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At the T A Pai Management Institute (TAPMI), Manipal, we believe that imparting knowledge and skills to contribute towards sustainable development is an essential part of creating business leaders for tomorrow. TAPMI is committed to education for business excellence keeping tenets of sustainability in mind. People, planet and profit are central to our teaching at TAPMI and we believe in creating minds that are equipped to deal with the challenges of the future.
TAPMI Centre for Sustainability and Competitiveness is the hub of all sustainability related activities at TAPMI, and leads/supports activities including agenda setting, external relations with relevant stakeholders, collaborations with other sustainability related organizations/institutions, program management and reporting at institutional level.
As a first few steps, TAPMI, and specifically the Centre for Sustainability and Competitiveness (TCSC), have looked at inculcating aspects of sustainability with a three-pronged approach – spreading across its curriculum, its research and its project and partner involvement. TAPMI is proud to have based its community development and sustainability-based work on the TAPMI-MANIPAL MODEL. This model is an expression of the combined work done by multiple stakeholders in ensuring community development and empowerment.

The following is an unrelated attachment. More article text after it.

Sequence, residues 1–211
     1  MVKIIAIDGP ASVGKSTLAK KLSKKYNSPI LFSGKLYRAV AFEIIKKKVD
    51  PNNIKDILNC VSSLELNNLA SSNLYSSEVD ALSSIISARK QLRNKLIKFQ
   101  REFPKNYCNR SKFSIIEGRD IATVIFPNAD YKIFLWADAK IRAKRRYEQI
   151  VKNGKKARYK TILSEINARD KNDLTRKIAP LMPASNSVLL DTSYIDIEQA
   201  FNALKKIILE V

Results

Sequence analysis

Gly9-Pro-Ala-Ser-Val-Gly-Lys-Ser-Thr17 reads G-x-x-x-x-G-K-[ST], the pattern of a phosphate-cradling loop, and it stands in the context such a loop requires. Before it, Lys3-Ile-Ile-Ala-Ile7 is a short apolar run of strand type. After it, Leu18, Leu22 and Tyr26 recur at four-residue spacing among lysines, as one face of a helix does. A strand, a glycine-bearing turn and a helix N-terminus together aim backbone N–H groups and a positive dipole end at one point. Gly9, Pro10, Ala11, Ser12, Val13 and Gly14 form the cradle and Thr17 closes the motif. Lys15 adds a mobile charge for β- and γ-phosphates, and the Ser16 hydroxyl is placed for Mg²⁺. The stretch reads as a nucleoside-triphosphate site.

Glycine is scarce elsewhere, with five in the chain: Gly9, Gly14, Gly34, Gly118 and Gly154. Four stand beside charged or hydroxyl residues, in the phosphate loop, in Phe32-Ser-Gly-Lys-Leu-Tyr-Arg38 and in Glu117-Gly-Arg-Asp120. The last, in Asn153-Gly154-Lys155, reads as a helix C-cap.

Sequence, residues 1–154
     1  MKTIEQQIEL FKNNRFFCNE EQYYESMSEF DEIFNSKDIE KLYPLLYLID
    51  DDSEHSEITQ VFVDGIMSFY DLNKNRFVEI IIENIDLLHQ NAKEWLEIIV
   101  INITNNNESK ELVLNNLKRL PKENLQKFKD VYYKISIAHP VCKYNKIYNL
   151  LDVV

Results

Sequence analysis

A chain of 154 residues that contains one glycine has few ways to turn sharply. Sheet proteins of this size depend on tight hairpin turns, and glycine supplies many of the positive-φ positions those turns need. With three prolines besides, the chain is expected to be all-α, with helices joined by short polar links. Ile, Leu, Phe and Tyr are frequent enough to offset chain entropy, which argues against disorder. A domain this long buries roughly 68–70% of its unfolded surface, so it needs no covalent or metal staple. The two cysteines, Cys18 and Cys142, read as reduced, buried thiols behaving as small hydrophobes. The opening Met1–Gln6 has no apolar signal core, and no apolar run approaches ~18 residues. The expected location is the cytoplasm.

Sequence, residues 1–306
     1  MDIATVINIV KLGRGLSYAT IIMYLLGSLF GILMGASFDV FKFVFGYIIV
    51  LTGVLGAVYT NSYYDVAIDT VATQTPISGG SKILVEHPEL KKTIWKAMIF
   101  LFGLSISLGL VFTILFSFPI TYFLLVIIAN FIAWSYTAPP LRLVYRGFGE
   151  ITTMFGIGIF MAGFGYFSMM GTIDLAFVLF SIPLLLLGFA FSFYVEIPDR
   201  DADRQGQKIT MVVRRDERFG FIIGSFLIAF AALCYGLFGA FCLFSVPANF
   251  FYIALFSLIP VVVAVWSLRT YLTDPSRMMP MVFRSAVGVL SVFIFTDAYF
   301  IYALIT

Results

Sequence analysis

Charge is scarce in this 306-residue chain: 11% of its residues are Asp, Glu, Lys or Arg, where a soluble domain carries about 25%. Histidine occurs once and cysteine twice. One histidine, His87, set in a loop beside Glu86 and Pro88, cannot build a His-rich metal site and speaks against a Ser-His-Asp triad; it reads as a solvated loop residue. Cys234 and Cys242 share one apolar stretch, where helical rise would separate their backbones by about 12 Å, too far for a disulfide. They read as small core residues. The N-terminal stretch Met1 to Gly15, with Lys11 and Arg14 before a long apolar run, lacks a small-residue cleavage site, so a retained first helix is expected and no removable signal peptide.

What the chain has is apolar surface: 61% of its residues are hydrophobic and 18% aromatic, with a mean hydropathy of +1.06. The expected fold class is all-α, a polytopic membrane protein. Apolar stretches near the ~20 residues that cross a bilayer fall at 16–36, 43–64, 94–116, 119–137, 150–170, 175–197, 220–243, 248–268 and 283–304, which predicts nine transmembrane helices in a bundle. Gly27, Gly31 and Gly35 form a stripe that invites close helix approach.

An example of developing a new degree course/programme with SDGs at its heart.
While TAPMI’s aim is to ensure that sustainability is integrated into the curriculum using multiple mechanisms that enable holistic learning we as a school, are attempting to make this change across all courses and programs. This has been an exciting process with new learning opportunities. New courses with a specific focus on sustainability such as the live action and projects-based courses have been pilot tested and are currently in their fifth year of offering. Society, Environment, Values and Attitudes is a 2-credit course that is entirely live project based. SEVA is a core foundation course at TAPMI which aims at introducing all business students at TAPMI to the precepts of sustainability through the lens of the Triple Bottom Line. Projects that correspond to either social responsibility, economic advancement and/ or environmental protection and conservation are identified, and students are placed in groups of ten with a faculty mentor to work directly with the client. Principles of design thinking are taught and followed for the entire project process. Each group is given a small grant fund to use to test out prototypes and solutions for the client.